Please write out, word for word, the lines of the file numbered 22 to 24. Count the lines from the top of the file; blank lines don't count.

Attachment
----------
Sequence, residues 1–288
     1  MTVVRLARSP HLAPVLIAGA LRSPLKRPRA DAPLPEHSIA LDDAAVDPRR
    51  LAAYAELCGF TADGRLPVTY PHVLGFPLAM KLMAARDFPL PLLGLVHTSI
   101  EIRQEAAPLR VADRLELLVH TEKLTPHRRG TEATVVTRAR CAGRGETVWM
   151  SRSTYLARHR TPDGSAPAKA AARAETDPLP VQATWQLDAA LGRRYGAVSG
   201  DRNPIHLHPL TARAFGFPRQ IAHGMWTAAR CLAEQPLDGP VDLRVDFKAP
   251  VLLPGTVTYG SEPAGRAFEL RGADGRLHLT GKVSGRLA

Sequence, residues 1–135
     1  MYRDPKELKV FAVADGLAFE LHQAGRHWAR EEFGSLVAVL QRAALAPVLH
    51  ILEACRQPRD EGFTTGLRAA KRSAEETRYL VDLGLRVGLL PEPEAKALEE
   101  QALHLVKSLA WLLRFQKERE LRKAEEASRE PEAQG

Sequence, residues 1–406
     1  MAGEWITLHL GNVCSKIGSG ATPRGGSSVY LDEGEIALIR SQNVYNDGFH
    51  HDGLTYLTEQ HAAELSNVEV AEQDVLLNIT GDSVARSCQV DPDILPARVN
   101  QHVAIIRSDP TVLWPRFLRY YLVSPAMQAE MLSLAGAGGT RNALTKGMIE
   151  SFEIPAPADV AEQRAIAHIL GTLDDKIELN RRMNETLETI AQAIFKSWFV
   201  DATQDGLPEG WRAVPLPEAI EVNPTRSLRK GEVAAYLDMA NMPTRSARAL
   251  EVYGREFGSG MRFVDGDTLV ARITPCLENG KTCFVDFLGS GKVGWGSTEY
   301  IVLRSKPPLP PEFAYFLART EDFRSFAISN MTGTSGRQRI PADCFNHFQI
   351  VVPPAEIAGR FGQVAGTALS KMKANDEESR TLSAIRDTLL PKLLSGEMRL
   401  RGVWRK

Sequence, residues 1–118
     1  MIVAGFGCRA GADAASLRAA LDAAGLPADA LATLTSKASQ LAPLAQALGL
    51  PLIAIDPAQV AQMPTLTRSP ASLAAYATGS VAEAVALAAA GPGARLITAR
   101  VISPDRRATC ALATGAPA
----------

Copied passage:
Sequence, residues 1–118
     1  MIVAGFGCRA GADAASLRAA LDAAGLPADA LATLTSKASQ LAPLAQALGL
    51  PLIAIDPAQV AQMPTLTRSP ASLAAYATGS VAEAVALAAA GPGARLITAR